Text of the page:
For this installment of the Living a Full Life series, guest editor Jame Abraham, MD, FACP, spoke with Nedal Estfan, MD, a noted Syrian oncologist who was at the forefront of his county’s earliest efforts to establish a national cancer care system during a time of political and military turmoil. Dr. Estfan’s son, Bassam N. Estfan, MD, is a medical oncologist and colleague of Dr. Abraham at the Cleveland Clinic’s Taussig Cancer Institute. The younger Dr. Estfan credits his father as a role model who inspired his own career as an oncologist.
On his upbringing: “I was raised in a family of humble means, but one that put high value on education. My father was a teacher, and we grew up in an atmosphere of learning.”
On returning to Syria after his time in England: “It was not an easy decision, but to this day, we have no regrets regarding our return, despite the unsettled economic, political, and security atmosphere….”
On advice for prospective medical students: “Always expand your horizons through reading books; I fear today’s generation is more focused on the Internet and social media knowledge.”
Family Values: Education First
Dr. Estfan was born in 1945 and spent his early childhood in Safita, a small city in northwestern Syria, situated in the Syrian Coastal Mountain Range. When he was in ninth grade, his family moved to the much larger city of Latakia, which is the principal port city of Syria.
“I was raised in a family of humble means, but one that put high value on education. My father was a teacher, and we grew up in an atmosphere of learning. I am the third of four children; my two older brothers went into engineering,” said Dr. Estfan.
Dr. Estfan was a standout student during high school, which allowed him, under the Syrian educational system, to choose his field of higher education and ultimately his career path. “There were no doctors in my family at that time to influence my decision to pursue a career in medicine. However, given my excellent grades in high school and my love of science, my parents encouraged me to consider becoming a doctor, which I embraced because I saw it as a profession where one can truly make a difference in people’s lives,” said Dr. Estfan.
Medical School and a New Bride
After graduating from high school in 1963, Dr. Estfan was accepted into the Faculty of Medicine of Damascus University, which was founded in 1903, holding the distinction of being the first university college established in Syria. Medical education in Syrian universities consists of a 6-year educational program. The first 3 years cover the basic sciences, and in the 4th, 5th, and 6th years, students undergo clinical clerkships in the university hospitals.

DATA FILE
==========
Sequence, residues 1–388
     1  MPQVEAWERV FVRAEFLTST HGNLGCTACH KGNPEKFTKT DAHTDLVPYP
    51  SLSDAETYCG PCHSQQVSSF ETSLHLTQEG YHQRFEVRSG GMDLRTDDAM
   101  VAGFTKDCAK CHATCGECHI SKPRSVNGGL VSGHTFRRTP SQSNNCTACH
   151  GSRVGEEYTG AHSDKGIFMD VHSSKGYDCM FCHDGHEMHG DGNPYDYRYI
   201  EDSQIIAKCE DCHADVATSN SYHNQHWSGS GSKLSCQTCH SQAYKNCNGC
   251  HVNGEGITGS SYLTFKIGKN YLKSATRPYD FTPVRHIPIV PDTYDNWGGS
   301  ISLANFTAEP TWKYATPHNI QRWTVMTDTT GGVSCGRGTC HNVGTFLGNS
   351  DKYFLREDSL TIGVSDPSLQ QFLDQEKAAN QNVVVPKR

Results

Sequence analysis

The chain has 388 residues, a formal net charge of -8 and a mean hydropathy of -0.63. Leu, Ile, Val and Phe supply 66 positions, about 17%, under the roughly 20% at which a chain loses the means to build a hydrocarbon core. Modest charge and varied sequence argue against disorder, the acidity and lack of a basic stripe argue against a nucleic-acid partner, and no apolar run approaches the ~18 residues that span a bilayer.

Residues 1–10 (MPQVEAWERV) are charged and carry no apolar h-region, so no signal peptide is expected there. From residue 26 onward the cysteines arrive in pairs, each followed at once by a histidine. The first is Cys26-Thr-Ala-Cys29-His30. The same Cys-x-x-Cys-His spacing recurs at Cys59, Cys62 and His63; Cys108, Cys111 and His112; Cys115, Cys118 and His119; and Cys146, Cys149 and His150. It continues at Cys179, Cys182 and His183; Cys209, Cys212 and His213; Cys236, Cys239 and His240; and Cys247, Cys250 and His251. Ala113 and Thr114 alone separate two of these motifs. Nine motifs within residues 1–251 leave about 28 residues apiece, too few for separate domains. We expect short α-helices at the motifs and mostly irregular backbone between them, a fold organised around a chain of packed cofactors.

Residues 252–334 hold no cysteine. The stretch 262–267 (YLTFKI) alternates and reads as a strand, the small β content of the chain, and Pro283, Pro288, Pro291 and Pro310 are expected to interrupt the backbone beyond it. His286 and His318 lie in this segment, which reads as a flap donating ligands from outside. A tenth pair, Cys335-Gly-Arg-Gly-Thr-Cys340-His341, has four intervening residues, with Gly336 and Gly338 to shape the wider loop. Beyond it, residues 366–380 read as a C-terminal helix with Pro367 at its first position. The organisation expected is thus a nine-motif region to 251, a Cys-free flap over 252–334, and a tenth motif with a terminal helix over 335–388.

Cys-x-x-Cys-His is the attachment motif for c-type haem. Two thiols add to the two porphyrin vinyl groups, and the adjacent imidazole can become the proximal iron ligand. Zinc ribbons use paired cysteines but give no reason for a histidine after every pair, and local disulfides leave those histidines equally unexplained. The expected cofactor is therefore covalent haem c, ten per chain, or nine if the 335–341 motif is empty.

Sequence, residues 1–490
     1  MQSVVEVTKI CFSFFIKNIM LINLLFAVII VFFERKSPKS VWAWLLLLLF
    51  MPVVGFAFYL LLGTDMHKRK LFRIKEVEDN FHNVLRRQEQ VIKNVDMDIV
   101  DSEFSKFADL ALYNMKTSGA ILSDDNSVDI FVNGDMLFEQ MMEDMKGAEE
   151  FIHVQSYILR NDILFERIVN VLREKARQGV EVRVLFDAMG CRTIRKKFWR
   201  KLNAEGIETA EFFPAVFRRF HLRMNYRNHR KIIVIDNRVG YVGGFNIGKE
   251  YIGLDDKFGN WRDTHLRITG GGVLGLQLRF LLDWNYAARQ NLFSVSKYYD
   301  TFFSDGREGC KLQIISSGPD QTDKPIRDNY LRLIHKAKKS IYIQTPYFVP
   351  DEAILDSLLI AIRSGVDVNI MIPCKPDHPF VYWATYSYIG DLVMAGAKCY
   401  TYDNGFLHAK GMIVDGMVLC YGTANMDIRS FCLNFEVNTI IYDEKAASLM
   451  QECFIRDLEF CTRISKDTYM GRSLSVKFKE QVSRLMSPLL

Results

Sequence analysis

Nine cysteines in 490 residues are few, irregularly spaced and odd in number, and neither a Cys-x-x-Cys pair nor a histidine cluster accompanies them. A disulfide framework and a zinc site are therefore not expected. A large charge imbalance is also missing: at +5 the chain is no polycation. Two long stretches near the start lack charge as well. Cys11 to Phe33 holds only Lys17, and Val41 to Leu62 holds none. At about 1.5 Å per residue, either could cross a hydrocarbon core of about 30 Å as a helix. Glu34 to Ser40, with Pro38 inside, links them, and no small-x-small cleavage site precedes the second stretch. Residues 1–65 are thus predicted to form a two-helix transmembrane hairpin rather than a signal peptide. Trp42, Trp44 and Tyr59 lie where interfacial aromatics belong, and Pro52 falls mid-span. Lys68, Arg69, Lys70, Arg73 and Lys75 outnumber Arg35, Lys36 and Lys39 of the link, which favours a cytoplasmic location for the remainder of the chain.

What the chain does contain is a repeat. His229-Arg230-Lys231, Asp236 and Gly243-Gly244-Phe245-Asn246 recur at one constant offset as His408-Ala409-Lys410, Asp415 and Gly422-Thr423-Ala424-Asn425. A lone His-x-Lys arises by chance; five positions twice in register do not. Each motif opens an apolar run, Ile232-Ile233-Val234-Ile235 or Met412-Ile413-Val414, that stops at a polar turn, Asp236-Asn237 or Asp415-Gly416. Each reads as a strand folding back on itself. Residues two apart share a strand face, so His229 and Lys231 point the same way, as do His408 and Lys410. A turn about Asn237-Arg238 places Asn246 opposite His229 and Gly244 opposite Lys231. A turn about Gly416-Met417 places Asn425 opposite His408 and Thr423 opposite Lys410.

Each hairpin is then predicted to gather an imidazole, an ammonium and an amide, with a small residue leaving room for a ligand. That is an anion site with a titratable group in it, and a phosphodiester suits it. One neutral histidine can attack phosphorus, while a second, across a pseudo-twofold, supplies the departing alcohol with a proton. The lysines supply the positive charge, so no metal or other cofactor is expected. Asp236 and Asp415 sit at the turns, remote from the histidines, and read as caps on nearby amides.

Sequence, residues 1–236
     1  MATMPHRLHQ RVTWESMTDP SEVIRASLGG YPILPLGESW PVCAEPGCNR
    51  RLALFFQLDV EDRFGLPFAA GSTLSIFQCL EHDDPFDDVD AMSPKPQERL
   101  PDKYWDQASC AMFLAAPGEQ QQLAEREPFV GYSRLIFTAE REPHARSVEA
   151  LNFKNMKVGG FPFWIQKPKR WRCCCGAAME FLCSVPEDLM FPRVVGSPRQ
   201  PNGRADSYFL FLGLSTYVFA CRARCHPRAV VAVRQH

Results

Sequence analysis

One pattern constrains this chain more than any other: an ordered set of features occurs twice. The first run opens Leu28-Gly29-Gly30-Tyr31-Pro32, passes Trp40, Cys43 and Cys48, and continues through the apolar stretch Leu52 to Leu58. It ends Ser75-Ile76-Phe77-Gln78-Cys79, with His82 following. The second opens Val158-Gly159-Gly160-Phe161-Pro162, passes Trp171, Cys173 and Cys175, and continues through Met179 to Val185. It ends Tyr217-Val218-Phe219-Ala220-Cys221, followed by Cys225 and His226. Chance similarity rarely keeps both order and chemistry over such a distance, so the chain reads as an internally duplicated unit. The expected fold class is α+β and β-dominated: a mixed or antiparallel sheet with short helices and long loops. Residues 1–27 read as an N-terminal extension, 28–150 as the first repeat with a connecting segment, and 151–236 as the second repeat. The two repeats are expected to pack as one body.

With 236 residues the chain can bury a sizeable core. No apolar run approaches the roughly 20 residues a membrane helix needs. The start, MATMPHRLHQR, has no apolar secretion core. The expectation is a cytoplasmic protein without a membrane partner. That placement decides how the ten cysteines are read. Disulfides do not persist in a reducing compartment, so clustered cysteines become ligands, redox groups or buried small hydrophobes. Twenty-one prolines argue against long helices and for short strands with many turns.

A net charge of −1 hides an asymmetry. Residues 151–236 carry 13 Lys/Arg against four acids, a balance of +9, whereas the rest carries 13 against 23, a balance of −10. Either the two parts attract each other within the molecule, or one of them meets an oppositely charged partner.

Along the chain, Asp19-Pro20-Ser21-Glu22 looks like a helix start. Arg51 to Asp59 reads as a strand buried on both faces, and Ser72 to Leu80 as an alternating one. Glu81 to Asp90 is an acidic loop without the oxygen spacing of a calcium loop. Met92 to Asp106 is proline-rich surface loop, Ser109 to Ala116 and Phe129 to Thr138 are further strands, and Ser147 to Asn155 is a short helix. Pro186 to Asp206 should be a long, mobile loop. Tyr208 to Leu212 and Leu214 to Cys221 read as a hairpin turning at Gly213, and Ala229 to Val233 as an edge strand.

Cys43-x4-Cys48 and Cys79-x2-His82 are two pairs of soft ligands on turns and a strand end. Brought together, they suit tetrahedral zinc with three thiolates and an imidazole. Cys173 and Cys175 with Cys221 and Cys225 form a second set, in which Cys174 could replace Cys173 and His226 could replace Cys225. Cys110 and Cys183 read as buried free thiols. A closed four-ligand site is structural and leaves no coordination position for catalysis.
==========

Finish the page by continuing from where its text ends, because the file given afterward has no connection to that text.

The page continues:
“My medical school class had about 95 students. The tuition in our state-based universities was, and still is for the majority of students, free of charge and readily accessible for all socioeconomic classes,” said Dr. Estfan. He added: “I met my wife during college, when she was studying Arabic literature. She later became an Arabic language teacher.”
Dr. Estfan explained that Damascus University is the only medical university in the Arab world that—still to this day—teaches medicine in Arabic. In their wisdom, the founders of the university medical school were convinced that their students would absorb, reflect, and express themselves better in their native language.
A Scholarship Abroad
Dr. Estfan received his medical degree from the Faculty of Medicine at Damascus University in 1970 and then began a 1-year training internship at a general hospital. “After my internship years, I was awarded a scholarship to study medical and radiation oncology at the University of Leeds in England. I was assigned to the oncology program by the granting committee, which proved to be a fortuitous step for my career. At that time in Syria, we did not have formal medical studies in oncology. In fact, there were no practicing oncologists in the country with the exception of disease-oriented specialties such as surgery and urology. My two sons, Bassam and Rami, were born in England during my oncology scholarship years,” said Dr. Estfan.
During his studies in medical and radiation oncology at the University of Leeds, Dr. Estfan reached senior register level. In 1979, after being in England for 7 years, he was confronted with a daunting decision. “I was faced with a choice of staying in England to settle my scholarship with the government or to return home. Our children were reaching school age, and this was a major factor in our decision. The living and economic situation in Syria was very rough at that time. Plus, the country was in the midst of violent insurgencies and revolt, which made the decision all the more difficult, considering we had two young sons,” said Dr. Estfan.
He continued: “But after much hard deliberation—and despite many of our associates and friends advising against it—we decided to return, wanting to raise our children in Syria, close to our parents and family, in addition to serving the country after my training in a much needed specialty. It was not an easy decision, but to this day, we have no regrets regarding our return, despite the unsettled economic, political, and security atmosphere, including the most recent war in and on Syria.”